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Cease-fire brokered in north Yemen as violence grips Sanaa

An army soldier checks cars at a checkpoint on a street in Sanaa February 3, 2014. (REUTERS/Khaled Abdullah)

SANAA: The Yemeni government brokered a cease-fire in the north of the country Monday to end bloody clashes there, as a series of overnight explosions hit the capital, underscoring the interim government’s weak grip on security.

President Abed Rabbou Mansour Hadi sent Sanaa Governor Abdel-Qader Hilal to the northern province of Amran to try and end violence which erupted between the Houthi rebels and members of the powerful Hashid tribe on Jan. 5 and has left scores of people dead.

On his Facebook page, Hilal said both sides had welcomed his mediation efforts and agreed to sign a deal on a “cease-fire, opening roads, and the withdrawal of fighters.”

Tribal sources said fighting which raged last week, killing an estimated 150 people and wounding 400, subsided Monday to allow mediation efforts.

The Houthi rebels have been advancing from their stronghold in the mountains of the far north to other areas nearer the capital to expand their hoped-for autonomous area in a promised federal Yemen, political sources say.

Hadi has pledged that Yemen will adopt a federal constitution in a bid to address local grievances that have fueledviolence across the Arab world’s poorest country.

But at a ceremony last month to mark the conclusion of a troubled 10-month national dialogue, he postponed any decision on the thorny issue of how many components it would have, promising that a special commission will decide.

The prospect of a federal Yemen was originally mooted as a way to address grievances of the formerly independent south, where secessionist violence has also been rising.

A mortar bomb struck near the French Embassy overnight, and a car bomb exploded meters away in the Hada diplomatic district, according to police.

The French Foreign Ministry said there was no indication its embassy had been targeted.

The attacks came after midnight and wounded three people, the police source said.

The mortar round struck beside a concrete block installed for security reasons on a road to the embassy, the source added.

It hit shortly after a car bomb exploded on the nearby main road, near the residence of former President Ali Abdullah Saleh.

Saleh continues to play an influential political role and is accused by critics of trying to destabilize the country since an uprising led to his ouster in February 2012.

Two other explosions near the Defense Ministry left no casualties, police said.

Also Monday, gunmen ambushed the deputy head of police intelligence in Aden, Lt. Col. Awad al-Dahbul, in the Khor Maksar neighborhood, a security official said.

Dahbul and three of his guards were wounded, the official said.

An oil sector official said the latest kidnap victim was a Briton who worked in the industry, although there was no immediate confirmation of this.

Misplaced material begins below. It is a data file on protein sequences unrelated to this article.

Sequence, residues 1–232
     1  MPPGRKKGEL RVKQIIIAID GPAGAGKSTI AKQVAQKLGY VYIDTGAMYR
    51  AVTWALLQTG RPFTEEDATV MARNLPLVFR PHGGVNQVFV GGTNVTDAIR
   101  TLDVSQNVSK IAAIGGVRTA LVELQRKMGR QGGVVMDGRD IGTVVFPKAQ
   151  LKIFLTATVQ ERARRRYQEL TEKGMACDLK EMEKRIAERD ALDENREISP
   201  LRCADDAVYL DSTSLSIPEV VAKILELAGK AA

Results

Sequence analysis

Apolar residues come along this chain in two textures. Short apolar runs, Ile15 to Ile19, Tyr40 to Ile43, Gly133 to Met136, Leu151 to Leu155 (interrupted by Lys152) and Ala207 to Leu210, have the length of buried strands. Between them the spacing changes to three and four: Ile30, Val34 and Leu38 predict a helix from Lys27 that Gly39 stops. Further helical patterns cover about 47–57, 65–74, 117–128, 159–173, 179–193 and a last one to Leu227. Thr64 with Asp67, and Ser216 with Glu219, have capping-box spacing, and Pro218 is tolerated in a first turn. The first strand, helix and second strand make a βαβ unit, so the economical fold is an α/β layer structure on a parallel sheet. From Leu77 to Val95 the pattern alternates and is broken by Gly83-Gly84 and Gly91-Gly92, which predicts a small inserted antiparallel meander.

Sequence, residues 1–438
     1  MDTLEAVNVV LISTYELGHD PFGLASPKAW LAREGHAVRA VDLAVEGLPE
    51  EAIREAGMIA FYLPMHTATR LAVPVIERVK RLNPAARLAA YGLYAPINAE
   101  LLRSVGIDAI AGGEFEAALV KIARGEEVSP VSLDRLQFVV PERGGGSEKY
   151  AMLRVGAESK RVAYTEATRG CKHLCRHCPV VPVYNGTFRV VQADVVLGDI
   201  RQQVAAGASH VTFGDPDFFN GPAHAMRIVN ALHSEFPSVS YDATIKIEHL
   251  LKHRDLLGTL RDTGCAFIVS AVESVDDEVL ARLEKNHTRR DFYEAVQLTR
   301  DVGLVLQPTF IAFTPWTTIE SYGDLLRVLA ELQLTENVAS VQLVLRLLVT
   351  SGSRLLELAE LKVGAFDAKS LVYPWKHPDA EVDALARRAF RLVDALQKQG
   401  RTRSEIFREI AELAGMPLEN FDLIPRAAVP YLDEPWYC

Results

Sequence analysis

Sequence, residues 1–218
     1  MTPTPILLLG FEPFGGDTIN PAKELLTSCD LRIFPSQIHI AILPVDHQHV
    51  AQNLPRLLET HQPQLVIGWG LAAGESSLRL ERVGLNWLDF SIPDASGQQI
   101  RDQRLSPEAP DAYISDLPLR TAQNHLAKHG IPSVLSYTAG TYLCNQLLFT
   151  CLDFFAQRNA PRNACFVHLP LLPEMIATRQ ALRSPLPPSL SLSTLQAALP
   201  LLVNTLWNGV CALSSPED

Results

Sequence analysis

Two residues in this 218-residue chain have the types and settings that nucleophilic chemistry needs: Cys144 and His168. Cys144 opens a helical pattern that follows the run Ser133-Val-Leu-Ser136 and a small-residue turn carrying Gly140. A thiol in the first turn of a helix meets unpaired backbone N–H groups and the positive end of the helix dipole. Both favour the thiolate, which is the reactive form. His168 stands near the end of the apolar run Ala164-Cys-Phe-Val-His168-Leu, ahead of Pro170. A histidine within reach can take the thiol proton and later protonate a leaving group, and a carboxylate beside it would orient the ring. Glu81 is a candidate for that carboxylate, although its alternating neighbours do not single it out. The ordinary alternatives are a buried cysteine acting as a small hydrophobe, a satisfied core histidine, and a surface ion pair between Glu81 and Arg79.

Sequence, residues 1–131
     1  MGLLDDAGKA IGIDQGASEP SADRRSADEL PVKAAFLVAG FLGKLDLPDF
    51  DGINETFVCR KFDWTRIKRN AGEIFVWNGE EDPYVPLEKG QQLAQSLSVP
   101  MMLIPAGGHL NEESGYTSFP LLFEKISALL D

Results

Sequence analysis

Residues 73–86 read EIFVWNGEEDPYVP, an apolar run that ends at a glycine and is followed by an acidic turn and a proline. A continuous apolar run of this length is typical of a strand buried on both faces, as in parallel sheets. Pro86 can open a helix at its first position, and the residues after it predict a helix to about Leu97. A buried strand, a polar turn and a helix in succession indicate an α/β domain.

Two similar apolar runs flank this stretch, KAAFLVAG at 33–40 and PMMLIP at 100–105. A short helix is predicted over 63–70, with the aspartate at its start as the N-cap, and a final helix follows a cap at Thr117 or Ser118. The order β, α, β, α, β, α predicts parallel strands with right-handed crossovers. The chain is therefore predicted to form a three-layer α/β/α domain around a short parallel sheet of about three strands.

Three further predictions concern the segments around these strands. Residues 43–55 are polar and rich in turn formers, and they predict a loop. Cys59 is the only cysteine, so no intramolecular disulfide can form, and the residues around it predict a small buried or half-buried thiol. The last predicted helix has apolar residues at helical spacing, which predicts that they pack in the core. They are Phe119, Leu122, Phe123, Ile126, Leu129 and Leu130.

“Gunmen in a car kidnapped the British man at around 9 a.m. near a grocery store in Hada,” a heavily patrolled district in central Sanaa where several embassies are located, the official told AFP.

Witnesses said the kidnappers struck the victim on the head with the butt of a rifle before whisking him off in a car.

The British Embassy said it could not immediately confirm the reported abduction.

“We are aware of the news. We still cannot confirm,” a spokesman told AFP.

Tribesmen Friday abducted a German in Sanaa and later said they had snatched him to press authorities to release jailed relatives.

The Foreign Ministry said that the German national was being held in a tribal region in the eastern province of Marib.

Hundreds of people have been kidnapped in Yemen over the past 15 years, mostly by tribesmen who use them as bargaining chips in disputes with the government. Nearly all have been freed unharmed.

Al-Qaeda militants have also abducted foreigners in Yemen and is currently holding a South African man, as well as a Saudi and a Yemeni diplomat.

 
A version of this article appeared in the print edition of The Daily Star on February 04, 2014, on page 1.

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Summary

The Yemeni government brokered a cease-fire in the north of the country Monday to end bloody clashes there, as a series of overnight explosions hit the capital, underscoring the interim government's weak grip on security.

President Abed Rabbou Mansour Hadi sent Sanaa Governor Abdel-Qader Hilal to the northern province of Amran to try and end violence which erupted between the Houthi rebels and members of the powerful Hashid tribe on Jan. 5 and has left scores of people dead.

Tribal sources said fighting which raged last week, killing an estimated 150 people and wounding 400, subsided Monday to allow mediation efforts.

The prospect of a federal Yemen was originally mooted as a way to address grievances of the formerly independent south, where secessionist violence has also been rising.

The attacks came after midnight and wounded three people, the police source said.


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